The Road to Stronger Communities

August 27, 2020
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Today, more than ever, Michiganders understand the importance of strong communities. If COVID-19 has taught us anything, it’s about the importance of coming together to address a challenge in a way that’s meaningful, resilient and productive.

That resilience has been earned the hard way. We’ve fought together through tough times, most recently through the Great Recession of a decade ago.

The lessons we learned during those times—and the lessons we’re still learning today—show us the value of collaboration, shared leadership and thoughtful planning. We need to rely on those lessons now as we map a strong way forward with the ongoing presence of COVID-19 as our new reality.

Fortunately, we have a plan to guide our actions. Michigan’s Road to Top Ten plan, developed by Business Leaders for Michigan, is grounded in data and evidence, thoroughly vetted by expert analysts, and ready to provide a pathway to prosperity for our state and all of its communities.

The plan focuses on some of the toughest policy issues we face. It’s no secret our transportation infrastructure, water supply, and broadband networks all require significant improvements to keep state residents safe and connected. It’s time we made the tough choices to invest in the assets we need to move forward effectively.

Michigan’s roads and bridges rank poorly compared to those in other states (39th and 43rd, respectively). But we don’t need these data points to understand the problem—we feel it every time we hit a pothole or bend a rim. And our business leaders appreciate the scope of the issue most of all, as they work to bring their products and services to market over rutted, pitted surfaces that strike at their bottom lines.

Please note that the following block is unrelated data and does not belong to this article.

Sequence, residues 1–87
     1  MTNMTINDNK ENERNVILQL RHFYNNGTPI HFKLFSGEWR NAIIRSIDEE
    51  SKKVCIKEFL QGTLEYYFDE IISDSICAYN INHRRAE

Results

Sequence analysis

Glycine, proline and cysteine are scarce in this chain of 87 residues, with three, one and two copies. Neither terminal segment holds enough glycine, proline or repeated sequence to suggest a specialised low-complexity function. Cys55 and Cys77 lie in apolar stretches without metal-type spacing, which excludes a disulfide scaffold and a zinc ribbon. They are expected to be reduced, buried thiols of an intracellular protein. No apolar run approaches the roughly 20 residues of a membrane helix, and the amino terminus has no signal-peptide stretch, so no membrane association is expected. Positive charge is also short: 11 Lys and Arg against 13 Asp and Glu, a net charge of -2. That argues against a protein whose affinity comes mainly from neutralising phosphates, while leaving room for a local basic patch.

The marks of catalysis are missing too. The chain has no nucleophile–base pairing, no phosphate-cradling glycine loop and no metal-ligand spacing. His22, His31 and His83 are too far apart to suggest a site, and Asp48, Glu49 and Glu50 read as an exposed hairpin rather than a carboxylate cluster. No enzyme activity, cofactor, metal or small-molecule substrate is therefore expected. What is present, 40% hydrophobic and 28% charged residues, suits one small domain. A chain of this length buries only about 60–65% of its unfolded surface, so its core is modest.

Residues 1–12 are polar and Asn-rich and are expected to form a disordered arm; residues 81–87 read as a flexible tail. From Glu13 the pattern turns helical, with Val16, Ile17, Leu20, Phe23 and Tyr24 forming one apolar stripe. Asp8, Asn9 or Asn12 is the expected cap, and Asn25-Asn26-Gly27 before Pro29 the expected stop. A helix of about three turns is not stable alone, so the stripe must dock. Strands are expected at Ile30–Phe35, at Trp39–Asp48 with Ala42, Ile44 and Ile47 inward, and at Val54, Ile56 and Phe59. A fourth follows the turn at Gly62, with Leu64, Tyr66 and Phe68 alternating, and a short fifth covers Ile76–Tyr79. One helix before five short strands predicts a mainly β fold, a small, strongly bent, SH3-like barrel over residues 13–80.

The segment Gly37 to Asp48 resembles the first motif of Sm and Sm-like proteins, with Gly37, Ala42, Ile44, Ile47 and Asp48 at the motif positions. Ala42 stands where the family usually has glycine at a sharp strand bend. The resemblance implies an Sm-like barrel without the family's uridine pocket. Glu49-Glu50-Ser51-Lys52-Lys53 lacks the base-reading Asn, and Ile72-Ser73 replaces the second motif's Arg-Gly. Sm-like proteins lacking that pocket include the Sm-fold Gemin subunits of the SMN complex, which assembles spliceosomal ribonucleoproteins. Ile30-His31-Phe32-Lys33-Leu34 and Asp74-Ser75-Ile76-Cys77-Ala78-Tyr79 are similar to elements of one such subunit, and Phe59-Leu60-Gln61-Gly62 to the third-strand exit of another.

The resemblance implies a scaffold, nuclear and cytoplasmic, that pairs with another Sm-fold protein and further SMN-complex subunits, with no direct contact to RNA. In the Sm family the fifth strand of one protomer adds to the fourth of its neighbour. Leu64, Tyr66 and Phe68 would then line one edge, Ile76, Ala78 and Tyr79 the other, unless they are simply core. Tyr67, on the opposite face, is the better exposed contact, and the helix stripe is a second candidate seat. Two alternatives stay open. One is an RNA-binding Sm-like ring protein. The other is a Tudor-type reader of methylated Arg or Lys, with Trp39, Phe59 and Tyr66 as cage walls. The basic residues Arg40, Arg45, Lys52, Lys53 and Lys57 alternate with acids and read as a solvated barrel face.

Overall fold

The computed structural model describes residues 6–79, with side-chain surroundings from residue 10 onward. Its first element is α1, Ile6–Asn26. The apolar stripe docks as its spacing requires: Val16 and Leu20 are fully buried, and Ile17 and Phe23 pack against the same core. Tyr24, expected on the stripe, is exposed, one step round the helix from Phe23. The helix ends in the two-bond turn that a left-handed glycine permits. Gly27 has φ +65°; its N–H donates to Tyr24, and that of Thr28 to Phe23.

And that’s not all. The longer we wait to fix our transportation infrastructure, the more it will cost to do so. While a 2015 road funding package will generate $1.2 billion when fully implemented, decades of deferred maintenance and deteriorating conditions will keep a sizeable funding gap in place unless further action is taken. State experts have projected a revenue shortfall of at least $2 billion per year—and that number continues to grow as too few roads are being repaired in a timely manner.

The fact is, the cost of fixing Michigan’s roads will accelerate as normal degradation continues and maintenance funding continues to lag. Indeed, there is a point of degradation that, once reached, causes repair costs to increase drastically. According to the 21st Century Infrastructure Commission, every dollar spent on road preservation eliminates or delays the need to spend six to 14 dollars on repair and reconstruction. This means that as more roads in Michigan decline below a rating of “fair,” the cost to the state in meeting its road quality goals increases significantly.

To resolve this issue most effectively, Michigan’s Road to Top Ten plan recommends strategies that make essential investments to improve our infrastructure conditions—from roads and bridges to broadband expansion and electrical grid reliability. The plan also supports sustainable protections for the Great Lakes and looks to boost regional assets by eliminating the requirement for state approvals of local referendums for transit systems, parks and cultural amenities.

These choices won’t be easy ones to make, particularly in light of the economic hardships that are coming due to COVID-19. However, as we continue to look at what makes other states and regions successful, it is clear those that prioritize critical investments are the ones that continue to make greatest gains toward economic growth and prosperity.

Now is not the time to move our state backward—it’s time to become serious about moving Michigan to a level of competitiveness we haven’t seen in the past several decades.

Fortunately, we do have many of the key assets in place. Our state’s residents—and many policy leaders—share a strong desire to fix our state’s infrastructure.

During the second half of 2020, it will be easy to get distracted from our plan to grow our infrastructure to Top Ten U.S. levels. The economic disruption we’re experiencing will force our state’s leaders into uncomfortable choices, and keeping long-term investment in Michigan’s communities at the forefront of those decisions will take decisive leadership and an iron will.

All Michiganders must be prepared to come together as communities and encourage our leaders to follow the Road to Top Ten plan, so we can return to prosperity not just quickly, but sustainably over the long term.

To view Michigan’s Road to Top Ten, visit